Connecting the Dots: When Personal Information Becomes Personally Identifying on the Internet

Authors

  • Dave Yates University of Maryland
  • Mark Shute University of Maryland
  • Dana Rotman University of Maryland

Keywords:

blogs, privacy, anonymity, pseudonymity, personal information

Abstract

With online social media such as weblogs (blogs), authors seemingly control how much self-identifying information they disclose. However we find that that even authors who wish to remain anonymous will share expressive and access-enabling information which, when combined, can be used to positively identify the person. In a case study of three anonymous blogs we demonstrate how to combine investigative analysis with statistical techniques to identify anonymous authors with a high degree of accuracy. Paradoxically, anonymous authors feel as if they can be honest and open with their thoughts and opinions, and thus may be more likely to share more information than they might if their identities were known.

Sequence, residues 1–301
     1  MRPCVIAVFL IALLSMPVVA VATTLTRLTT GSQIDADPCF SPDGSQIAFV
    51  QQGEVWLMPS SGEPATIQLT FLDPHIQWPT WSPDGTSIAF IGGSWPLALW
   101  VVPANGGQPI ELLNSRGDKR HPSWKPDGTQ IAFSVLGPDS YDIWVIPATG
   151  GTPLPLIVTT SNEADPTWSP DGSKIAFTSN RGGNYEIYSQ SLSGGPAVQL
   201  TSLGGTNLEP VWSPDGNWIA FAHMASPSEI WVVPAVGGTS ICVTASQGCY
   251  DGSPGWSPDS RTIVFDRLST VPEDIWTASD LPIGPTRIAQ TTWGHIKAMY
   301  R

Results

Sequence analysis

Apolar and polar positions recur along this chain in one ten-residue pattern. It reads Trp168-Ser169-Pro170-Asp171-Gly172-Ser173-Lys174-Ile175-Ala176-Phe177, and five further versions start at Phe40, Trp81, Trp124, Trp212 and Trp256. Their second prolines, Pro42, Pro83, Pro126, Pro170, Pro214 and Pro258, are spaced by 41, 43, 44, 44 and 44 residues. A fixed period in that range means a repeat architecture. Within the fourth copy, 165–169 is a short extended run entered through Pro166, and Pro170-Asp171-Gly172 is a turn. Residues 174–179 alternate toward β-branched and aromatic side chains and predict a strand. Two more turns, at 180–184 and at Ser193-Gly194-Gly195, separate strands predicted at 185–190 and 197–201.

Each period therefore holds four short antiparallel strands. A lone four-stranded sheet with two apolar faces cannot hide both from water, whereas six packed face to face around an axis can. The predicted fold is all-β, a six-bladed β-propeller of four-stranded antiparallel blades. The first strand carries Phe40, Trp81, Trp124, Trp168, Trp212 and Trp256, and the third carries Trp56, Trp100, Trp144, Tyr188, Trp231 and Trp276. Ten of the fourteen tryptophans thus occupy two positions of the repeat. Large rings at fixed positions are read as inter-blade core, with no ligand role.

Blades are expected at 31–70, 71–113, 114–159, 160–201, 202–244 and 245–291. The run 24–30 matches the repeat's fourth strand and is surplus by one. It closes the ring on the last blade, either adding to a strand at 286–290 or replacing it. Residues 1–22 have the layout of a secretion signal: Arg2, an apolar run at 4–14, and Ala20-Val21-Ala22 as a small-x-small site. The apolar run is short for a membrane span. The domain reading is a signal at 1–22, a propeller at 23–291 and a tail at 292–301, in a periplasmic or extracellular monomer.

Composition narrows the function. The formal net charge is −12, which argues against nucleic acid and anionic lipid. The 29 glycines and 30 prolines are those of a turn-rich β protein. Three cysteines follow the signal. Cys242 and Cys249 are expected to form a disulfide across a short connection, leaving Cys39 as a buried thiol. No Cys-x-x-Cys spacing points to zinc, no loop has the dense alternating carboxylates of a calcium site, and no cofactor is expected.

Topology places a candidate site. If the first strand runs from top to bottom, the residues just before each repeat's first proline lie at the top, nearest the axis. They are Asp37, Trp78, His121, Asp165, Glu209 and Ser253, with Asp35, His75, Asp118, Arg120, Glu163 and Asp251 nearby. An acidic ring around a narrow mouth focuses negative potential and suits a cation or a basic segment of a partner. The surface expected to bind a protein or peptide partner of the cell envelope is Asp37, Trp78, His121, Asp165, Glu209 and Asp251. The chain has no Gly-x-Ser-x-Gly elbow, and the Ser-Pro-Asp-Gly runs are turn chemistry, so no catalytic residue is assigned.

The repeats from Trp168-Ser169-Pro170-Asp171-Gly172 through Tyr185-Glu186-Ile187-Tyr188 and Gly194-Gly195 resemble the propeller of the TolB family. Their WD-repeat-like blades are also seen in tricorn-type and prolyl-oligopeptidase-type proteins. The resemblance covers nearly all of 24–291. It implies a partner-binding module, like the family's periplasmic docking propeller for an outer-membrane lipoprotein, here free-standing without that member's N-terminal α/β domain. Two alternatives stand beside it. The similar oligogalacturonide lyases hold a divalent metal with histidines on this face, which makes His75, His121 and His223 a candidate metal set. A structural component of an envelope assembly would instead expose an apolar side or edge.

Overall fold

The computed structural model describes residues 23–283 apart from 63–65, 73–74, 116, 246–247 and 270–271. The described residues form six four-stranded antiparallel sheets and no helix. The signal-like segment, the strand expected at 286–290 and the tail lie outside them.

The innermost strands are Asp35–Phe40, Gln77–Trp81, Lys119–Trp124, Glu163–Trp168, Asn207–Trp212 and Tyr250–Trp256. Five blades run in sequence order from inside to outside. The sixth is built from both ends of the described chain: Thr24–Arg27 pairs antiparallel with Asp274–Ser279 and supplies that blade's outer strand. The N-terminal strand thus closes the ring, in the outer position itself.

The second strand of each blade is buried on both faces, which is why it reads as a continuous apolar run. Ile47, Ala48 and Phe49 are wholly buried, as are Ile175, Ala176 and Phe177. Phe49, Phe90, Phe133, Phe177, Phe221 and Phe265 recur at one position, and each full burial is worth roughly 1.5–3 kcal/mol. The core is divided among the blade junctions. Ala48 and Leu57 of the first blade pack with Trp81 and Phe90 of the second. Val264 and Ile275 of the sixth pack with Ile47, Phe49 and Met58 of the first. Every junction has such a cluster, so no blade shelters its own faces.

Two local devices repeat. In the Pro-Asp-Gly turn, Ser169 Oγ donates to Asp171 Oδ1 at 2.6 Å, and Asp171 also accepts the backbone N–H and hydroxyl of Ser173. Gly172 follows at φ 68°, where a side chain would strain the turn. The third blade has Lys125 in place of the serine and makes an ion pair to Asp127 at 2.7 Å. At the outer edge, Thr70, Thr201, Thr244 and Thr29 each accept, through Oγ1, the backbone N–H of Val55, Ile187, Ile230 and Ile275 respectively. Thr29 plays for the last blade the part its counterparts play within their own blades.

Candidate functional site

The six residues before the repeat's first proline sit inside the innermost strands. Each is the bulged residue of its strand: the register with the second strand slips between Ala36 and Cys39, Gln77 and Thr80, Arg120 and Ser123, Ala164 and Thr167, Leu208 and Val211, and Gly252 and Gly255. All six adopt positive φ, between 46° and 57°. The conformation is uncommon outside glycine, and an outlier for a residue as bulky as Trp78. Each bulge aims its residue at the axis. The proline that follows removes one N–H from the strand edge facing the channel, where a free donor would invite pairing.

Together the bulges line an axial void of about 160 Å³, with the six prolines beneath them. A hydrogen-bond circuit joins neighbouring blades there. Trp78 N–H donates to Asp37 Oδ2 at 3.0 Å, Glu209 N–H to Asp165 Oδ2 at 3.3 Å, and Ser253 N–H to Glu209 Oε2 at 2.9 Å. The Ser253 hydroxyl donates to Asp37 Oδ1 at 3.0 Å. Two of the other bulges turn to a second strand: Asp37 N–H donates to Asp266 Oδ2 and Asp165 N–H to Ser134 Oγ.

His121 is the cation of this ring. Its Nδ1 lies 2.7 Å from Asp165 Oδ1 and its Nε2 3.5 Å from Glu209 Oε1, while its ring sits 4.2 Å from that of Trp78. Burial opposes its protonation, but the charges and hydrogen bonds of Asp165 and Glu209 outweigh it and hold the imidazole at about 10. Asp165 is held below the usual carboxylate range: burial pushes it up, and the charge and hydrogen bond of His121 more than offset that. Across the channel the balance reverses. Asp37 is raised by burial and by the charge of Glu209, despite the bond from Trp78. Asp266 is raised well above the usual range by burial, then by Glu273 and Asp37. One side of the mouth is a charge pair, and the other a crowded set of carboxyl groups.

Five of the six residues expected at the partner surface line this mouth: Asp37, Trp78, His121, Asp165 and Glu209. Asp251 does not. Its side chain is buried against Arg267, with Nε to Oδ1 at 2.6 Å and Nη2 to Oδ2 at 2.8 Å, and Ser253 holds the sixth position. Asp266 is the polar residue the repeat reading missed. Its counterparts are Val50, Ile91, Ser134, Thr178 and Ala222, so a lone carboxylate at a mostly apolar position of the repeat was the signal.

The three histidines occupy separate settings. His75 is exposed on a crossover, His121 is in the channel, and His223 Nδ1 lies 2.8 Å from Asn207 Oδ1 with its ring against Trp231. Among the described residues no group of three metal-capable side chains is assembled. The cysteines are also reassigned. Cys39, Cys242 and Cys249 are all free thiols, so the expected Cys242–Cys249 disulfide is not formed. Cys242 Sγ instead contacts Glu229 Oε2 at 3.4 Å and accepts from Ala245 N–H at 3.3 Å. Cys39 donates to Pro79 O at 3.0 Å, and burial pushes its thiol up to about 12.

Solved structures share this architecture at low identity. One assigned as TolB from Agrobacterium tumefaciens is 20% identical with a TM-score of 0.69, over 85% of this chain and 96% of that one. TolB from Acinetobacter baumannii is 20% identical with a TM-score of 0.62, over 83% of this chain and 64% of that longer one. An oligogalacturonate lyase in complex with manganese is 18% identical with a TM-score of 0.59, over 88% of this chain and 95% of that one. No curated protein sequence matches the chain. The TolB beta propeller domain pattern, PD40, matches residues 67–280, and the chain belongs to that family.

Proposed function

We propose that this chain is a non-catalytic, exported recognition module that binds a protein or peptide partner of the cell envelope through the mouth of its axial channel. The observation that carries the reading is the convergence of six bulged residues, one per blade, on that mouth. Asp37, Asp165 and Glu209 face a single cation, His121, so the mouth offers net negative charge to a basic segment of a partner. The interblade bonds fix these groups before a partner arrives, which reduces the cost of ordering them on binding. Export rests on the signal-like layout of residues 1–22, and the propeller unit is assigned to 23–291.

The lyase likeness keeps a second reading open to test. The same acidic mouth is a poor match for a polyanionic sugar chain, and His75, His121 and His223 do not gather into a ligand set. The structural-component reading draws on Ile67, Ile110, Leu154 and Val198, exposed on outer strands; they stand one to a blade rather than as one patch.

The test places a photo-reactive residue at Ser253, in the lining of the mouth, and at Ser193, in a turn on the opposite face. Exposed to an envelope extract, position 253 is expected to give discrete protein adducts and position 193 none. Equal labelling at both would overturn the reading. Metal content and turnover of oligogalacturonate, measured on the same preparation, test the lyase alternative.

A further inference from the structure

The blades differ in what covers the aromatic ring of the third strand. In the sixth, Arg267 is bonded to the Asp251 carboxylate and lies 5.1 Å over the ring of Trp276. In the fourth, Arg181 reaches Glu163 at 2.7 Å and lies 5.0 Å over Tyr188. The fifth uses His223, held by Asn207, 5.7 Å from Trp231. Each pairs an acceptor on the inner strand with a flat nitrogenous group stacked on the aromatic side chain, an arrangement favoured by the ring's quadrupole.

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Published

2010-05-16

How to Cite

Yates, D., Shute, M., & Rotman, D. (2010). Connecting the Dots: When Personal Information Becomes Personally Identifying on the Internet. Proceedings of the International AAAI Conference on Web and Social Media, 4(1), 363-366. Retrieved from https://ojs.aaai.org/index.php/ICWSM/article/view/14048